The US opening to Cuba may present possibilities

Cayman’s tourism industry is eyeing the possibility of travel restrictions on United States tourists to Cuba being relaxed.

Jane van der Bol of the Cayman Islands Tourism Association said that although Cuba is ‘quickly reviving itself,’ the island is not a similar product to the Cayman Islands.

“The Cayman Islands is a long established product that is ever increasing in quality products and services,” she noted.

“It would be to our benefit to establish reciprocal agreements between the Cuba product and the Cayman product as Cayman Airways serves non-stop flights between Cuba and Grand Cayman.

“It would not be out of the question to see wholesaler packages with a stay-over in Cuba and Cayman.”Shomari Scott, Director of Tourism, also said that there has been a harmonious relationship built between Cuba and Cayman at a ministerial level throughout the years which engendered mutual understanding. He said that these higher level discussions had been ongoing for a number of years, before any potential opening up of the United States. In the interim, talks had been more from an European standpoint ‘to align certain interline agreements’ with airlift.

“When I look at the possibility of Cuba opening up [to the States], I like to look at it as a glass half full in that there are a lot of positives that can come out of it. It would ensure firstly that we would not rest on our laurels; stakeholders within the tourism community need to ensure we retain our loyal customer base as 40 per cent is repeat business in any given year.

“We need to treat them well and make them feel like they are at home, so even if they feel like tasting another Caribbean island they would come back to Cayman. We have seen that from research – people either taste many islands then settle on one or find one that ticks all their boxes and they stay with that island for an eternity.”

Customer service needed to be kept to the fore and increasing island-unique experiences would ensure that Cayman remained competitive, said the director, who noted that Cuba was a mass-market destination whilst Cayman was not and did not intend ever to be.

“Due to our good relationship with Cuba there are opportunities for twin centre types of programmes where you might spend four nights in Cuba and four here but of course finding specific niches. Relaxing on the beach and great diving would be Cayman then backpacking or some of the cultural or historical aspects of Cuba would marry to that.

“We would ensure we had like properties to like to match price points. We still want to reach the right target market. Of course, there is a little bit of a threat but it is an opportunity as well. We can always hold true to friendliness of people, great diving, beaches. Our exit surveys tell us that the number one reason people choose us over other destinations is friendliness of people.”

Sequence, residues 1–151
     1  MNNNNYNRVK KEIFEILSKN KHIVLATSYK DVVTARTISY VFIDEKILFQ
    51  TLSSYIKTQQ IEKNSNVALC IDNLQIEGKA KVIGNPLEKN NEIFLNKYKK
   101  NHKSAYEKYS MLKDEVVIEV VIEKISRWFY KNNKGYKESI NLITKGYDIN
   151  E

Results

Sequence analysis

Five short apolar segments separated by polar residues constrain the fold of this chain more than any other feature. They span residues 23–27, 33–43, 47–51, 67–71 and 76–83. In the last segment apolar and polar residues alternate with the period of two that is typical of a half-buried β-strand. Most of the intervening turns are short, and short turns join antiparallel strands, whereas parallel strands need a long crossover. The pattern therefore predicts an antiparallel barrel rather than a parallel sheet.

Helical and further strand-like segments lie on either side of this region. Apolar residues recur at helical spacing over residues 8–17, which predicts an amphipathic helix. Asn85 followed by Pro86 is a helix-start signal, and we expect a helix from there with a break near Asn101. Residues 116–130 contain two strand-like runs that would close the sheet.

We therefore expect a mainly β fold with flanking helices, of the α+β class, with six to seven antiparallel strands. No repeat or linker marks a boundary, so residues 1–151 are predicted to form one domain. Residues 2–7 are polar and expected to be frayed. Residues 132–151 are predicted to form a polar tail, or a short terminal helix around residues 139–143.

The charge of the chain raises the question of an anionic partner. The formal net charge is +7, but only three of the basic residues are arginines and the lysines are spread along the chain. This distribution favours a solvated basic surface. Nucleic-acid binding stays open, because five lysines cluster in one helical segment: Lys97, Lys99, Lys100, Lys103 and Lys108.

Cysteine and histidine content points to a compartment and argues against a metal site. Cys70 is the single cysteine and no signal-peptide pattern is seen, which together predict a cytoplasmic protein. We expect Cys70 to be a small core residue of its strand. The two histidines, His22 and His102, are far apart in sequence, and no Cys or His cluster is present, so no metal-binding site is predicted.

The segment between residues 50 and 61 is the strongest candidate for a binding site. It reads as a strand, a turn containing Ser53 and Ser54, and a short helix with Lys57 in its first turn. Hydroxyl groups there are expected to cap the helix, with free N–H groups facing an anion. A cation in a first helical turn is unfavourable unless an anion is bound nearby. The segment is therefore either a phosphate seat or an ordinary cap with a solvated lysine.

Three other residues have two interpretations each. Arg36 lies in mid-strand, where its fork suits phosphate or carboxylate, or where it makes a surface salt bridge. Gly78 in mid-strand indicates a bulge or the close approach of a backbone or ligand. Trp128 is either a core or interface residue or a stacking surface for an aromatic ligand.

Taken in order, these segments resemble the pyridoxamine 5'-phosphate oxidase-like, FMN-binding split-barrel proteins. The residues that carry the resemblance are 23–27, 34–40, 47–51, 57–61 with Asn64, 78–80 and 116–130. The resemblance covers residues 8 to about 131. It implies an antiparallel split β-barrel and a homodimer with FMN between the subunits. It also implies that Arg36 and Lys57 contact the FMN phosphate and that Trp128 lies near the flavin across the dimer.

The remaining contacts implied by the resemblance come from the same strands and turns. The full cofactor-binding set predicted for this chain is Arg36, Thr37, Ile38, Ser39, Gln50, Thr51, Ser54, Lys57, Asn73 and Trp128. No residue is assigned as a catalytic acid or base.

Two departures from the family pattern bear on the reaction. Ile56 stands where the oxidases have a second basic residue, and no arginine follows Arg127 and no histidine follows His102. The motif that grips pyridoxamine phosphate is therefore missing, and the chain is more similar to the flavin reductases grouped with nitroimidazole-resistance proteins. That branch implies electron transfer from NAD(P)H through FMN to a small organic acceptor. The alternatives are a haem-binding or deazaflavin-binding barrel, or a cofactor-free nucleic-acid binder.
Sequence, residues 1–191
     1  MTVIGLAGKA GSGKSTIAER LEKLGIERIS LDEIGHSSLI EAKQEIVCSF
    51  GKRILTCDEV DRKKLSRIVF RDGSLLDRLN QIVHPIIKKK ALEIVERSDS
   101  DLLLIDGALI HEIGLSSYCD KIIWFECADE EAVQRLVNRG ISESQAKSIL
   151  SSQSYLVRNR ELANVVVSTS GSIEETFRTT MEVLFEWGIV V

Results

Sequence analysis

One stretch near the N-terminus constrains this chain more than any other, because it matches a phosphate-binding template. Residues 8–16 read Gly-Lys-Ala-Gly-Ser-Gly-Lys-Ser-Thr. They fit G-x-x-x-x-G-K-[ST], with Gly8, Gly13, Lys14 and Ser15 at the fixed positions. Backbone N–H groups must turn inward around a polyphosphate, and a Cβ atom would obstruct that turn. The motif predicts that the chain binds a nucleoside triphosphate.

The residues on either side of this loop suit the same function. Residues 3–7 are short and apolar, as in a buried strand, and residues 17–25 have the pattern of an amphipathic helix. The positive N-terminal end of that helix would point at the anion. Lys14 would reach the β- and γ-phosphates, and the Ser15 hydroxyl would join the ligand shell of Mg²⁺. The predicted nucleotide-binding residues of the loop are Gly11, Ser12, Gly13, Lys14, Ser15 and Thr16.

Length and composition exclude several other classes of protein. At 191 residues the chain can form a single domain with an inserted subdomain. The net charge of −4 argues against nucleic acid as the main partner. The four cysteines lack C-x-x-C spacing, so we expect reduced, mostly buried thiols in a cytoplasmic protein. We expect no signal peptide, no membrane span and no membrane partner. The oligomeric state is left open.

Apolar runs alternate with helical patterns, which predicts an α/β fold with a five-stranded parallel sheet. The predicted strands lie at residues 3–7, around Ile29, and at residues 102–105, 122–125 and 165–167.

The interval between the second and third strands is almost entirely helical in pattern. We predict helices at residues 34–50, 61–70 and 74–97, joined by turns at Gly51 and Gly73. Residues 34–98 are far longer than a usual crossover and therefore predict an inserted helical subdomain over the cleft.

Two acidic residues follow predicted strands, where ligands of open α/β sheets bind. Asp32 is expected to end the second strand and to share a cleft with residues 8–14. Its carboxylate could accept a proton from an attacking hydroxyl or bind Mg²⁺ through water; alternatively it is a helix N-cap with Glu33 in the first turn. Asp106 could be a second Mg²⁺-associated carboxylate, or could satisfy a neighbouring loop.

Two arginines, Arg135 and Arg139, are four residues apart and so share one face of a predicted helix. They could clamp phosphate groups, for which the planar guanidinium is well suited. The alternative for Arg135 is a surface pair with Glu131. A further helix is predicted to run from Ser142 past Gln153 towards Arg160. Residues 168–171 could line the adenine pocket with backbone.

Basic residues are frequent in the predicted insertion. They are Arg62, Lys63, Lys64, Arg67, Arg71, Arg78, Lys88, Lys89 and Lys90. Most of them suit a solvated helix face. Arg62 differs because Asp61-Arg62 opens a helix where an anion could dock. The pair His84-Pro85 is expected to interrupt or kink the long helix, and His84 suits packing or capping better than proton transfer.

Mr. Scott noted that one of the objectives moving forward, in partnership with organisations and private entities, was ensuring that visitors to Cayman could enjoy a higher prevalence of cultural activities.

“We call it ‘unearthing of the soul of the island’; making it visible so visitors can see it and taste it. We are hearing that visitors want to hear more history and experience more culture. We are working with partners and shortly there will be more programmes led by the private sector [coming on stream here.]”

Cayman Islands Tourism Association

The Cayman Islands Tourism Association is a non-profit association that represents its membership of just over 250 tourism related private businesses in the Cayman Islands. The various sectors within the Tourism Association include hotels, condo/villas, watersports, restaurants, transportation, attractions, cruise and allied, which comprises all other businesses associated with the island’s tourism product.

It was formed in March 2001 through an amalgamation of the Cayman Tourism Alliance and the Cayman Islands Hotel and Condominium Association. The association is wholly funded by membership subscriptions and fundraising. The association promotes the continuing improvement and development of Cayman’s tourism Industry through the exchange of information, government relations, training and education, marketing and events.

It is comprised of an elected board of directors that meets monthly and also sits on various other committees to represent their sector. A president and vice president are also elected.

The Cayman Islands Tourism Association has an office at 1320 West Bay Road, which is staffed by Executive Chairman Jane van der Bol plus permanent staff and volunteers.
The association puts on a number of events and initiatives throughout the year including Taste of Cayman, which brings together more than 30 restaurants, beverage suppliers, artists and craftsmen and is attended by around 4,000 people.

The association is very active in talking with government entities including the Department of Tourism and working together on special rates, marketing ideas, possible new aviation routes and more in order to both retain current visitation and drive new traffic to the destination.

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